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Dark Sky Films presents
Violent Midnight (1963)

Dolores: Do you think he looked at me through the window just now?
Adrian: Through the window? Max is many things, my dear, but not so far as I know, a voyeur.
Dolores: A what?
Adrian: A peeping tom.
Dolores: Oh stop kidding me.

- Kaye Elhardt, Shepperd Strudwick

Review By: Rich Rosell   
Published: March 29, 2006

Stars: Lee Phillips
Other Stars: Jean Hale, James Farentino, Dick Van Patten, Shepperd Strudwick, Lorraine Rogers, Kaye Elhardt, Margot Hartman, Sheila Forbes, Sylvia Miles, Day Tuttle, Mike O'Dowd
Director: Richard Hilliard

MPAA Rating: Not Rated for (brief nudity)
Run Time: 01h:32m:31s
Release Date: March 28, 2006
UPC: 030306773292
Genre: suspense thriller

Image Transfer
Audio Transfer
B- B-BB B+

DVD Review

Violent Midnight was originally released in 1963 as Psychomania, and neither title is particularly accurate or representative of the film itself. Whatever you call it, it remains a highly watchable B-movie, produced by Del Tenney (Horror of Party Beach, Zombies), with this Richard Hilliard-directed whodunit following a wealthy, troubled artist considered the numero uno suspect in a series of brutal murders, true to form, in a town with more suspects than you can shake a stick at. Lee Philips is the tortured Korean War vet/artist with some serious daddy issues, and when the body count starts rising Dick Van Patten shows up as a kindly police detective sent in to follow the clues.

As an example of second-tier early 1960s filmmaking, Violent Midnight mixes a fair amount of mildly exploitative nudity with a familiar story of a mysterious killer apparently framing our misunderstood lead with a payoff that may not completely baffle seasoned genre fans. But that's not to say this is completely awful, because Hilliard and Tenney cram this one with a gamut of mismatched supporting (and suspicious) characters, including tight-sweatered college girls, hard-drinking tough guys (an early role for James Farentino), a peeping tom professor and a towering mute bodyguard played by hulking ex-boxer Max O'Dowd.

And even if Lee Philips was a particularly bland leading man here—tortured or not—the rest of the film has a tendency to work as a genre title because of these colorful secondary players. Shepperd Strudwick's cane-toting lawyer and Day Tuttle's horny prof seem more alive than Philips, and Jean Hale provides the requisite good girl eye candy while the likes of Kaye Elhardt, Sheila Forbes, and Lorraine Rogers get to apply copious amounts of bad girl sexual temptations. I never really cared who the killer was, or why for that matter, but I liked the universe of characters that surrounded Philips, just because they were a hell of lot more fun.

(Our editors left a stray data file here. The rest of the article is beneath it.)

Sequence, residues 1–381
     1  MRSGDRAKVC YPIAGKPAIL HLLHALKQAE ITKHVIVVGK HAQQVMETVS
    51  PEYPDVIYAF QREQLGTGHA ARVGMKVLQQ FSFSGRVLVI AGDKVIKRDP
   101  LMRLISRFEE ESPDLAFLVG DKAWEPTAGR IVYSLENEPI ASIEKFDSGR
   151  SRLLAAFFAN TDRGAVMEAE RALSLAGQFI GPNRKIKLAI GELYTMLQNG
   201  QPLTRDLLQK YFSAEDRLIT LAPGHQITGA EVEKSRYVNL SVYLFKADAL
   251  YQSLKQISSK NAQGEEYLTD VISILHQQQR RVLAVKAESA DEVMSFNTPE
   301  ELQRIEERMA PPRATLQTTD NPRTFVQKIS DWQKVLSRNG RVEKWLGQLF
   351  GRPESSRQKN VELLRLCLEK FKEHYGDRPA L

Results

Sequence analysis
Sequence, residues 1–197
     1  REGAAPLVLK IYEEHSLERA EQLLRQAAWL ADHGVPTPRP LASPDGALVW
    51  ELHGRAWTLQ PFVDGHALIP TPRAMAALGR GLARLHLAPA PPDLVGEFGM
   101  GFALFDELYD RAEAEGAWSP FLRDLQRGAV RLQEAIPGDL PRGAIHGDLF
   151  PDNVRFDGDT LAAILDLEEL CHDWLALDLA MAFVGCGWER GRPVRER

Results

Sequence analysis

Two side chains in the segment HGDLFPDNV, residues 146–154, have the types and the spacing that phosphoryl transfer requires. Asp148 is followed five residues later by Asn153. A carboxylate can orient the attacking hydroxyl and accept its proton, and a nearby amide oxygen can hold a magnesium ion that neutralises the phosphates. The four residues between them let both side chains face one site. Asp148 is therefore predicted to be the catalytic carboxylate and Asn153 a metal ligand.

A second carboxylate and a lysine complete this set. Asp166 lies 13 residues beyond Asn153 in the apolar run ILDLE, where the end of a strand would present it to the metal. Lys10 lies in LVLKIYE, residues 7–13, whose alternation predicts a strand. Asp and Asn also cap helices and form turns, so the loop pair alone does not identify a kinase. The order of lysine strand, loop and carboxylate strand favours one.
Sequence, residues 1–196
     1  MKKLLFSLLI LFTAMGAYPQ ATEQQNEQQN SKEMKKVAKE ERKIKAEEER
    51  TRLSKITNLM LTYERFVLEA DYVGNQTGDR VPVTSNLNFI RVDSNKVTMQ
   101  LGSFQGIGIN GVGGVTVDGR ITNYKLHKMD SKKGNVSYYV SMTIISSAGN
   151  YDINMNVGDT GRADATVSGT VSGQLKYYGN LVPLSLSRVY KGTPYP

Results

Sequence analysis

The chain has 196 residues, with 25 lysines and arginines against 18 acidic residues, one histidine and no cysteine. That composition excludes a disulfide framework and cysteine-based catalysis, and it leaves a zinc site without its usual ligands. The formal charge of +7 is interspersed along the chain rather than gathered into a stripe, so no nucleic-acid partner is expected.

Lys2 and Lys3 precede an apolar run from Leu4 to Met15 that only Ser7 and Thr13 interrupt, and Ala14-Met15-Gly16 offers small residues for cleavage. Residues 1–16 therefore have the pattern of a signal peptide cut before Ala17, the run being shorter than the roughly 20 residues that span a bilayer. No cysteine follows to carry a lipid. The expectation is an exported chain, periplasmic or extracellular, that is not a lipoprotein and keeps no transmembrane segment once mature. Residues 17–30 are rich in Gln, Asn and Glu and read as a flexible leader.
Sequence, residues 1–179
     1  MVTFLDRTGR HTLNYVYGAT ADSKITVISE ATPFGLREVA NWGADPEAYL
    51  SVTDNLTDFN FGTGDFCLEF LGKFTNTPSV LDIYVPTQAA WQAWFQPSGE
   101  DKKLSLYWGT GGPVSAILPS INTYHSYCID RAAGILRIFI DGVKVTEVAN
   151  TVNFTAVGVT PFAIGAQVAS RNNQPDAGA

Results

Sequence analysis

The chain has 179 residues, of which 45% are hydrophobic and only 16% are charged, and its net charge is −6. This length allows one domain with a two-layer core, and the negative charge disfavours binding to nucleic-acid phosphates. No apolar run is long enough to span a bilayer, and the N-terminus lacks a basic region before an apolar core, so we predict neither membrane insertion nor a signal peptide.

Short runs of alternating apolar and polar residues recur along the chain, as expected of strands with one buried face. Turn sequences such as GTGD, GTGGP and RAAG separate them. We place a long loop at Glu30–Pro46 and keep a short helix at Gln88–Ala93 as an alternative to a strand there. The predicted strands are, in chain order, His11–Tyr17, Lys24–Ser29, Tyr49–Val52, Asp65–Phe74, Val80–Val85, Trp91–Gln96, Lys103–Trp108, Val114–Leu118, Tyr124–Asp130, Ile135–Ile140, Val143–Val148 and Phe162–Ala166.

It's hard to completely fault a film where unnecessary college girl showering and nude models get lumped in with a trenchcoat-wearing, knife-wielding killer. Some of the acting is questionable, but there's a throwback charm to a film like this, and the exploitation edge really helps out. It isn't an especially well-known title, and to their credit Dark Sky has been coming through with a library full of similar releases in recent months.

This is a hip little discovery.

Rating for Style: B-
Rating for Substance: B-


Image Transfer

Aspect Ratio1.33:1 - Full Frame
Original Aspect Ratioyes

Image Transfer Review: The 1.33:1 black-and-white transfer looks quite good, considering the film's age and its B-movie roots. A few instances of specking, but very, very moderate, and overall the print is full of strong contrast levels and dark blacks. Grain issues are minimal, but more evident in certain scenes (such as the opening) than in others. Not a flawless transfer, but an impressive one for a small niche title such as this.

Image Transfer Grade: B


Audio Transfer

 LanguageRemote Access

Audio Transfer Review: Audio is presented in 2.0 mono, and the track is largely hiss-free throughout. Nothing flashy, but dialogue is always clear and serviceable.

Audio Transfer Grade: B


Disc Extras

Full Motion menu with music
Scene Access with 17 cues and remote access
Subtitles/Captions in English with remote access
2 Other Trailer(s) featuring The Horror of Party Beach, The Curse of the Living Corpse
1 Feature/Episode commentary by Del Tenney, Shade Rupe
Packaging: Amaray
Picture Disc
1 Disc
1-Sided disc(s)
Layers: single

Extras Review: Kudos to the extras, because there's a wonderful commentary here from Del Tenney, moderated by Dark Sky's Shade Rupe, and the soft-spoken track does a fine job tracing not just the film's history and origins, but Tenney's as well. Rupe does some modest prodding with questions, but it's mostly all Tenney, whose recollections for this 1963 film are still rather vivid.

There's also a short photo gallery of assorted poster art and lobby cards, as well as some stills from the film. Dark Sky has packaged the disc in a clear case, with additional artwork/chapter info visible on the inside. The disc is cut into 17 chapters, with optional subtitles in English.

Extras Grade: B+


Final Comments

Here's a fun 1960s B-grade noir thriller peppered with a wee bit of nudity and some occasional campy acting, released as part of Dark Sky's unofficial Del Tenney collection. A whodunit with more red herrings than I could count, Violent Midnight (or Psychomania as it was originally known) is aided by an informative commentary from Tenney, and that's a real plus for this release.


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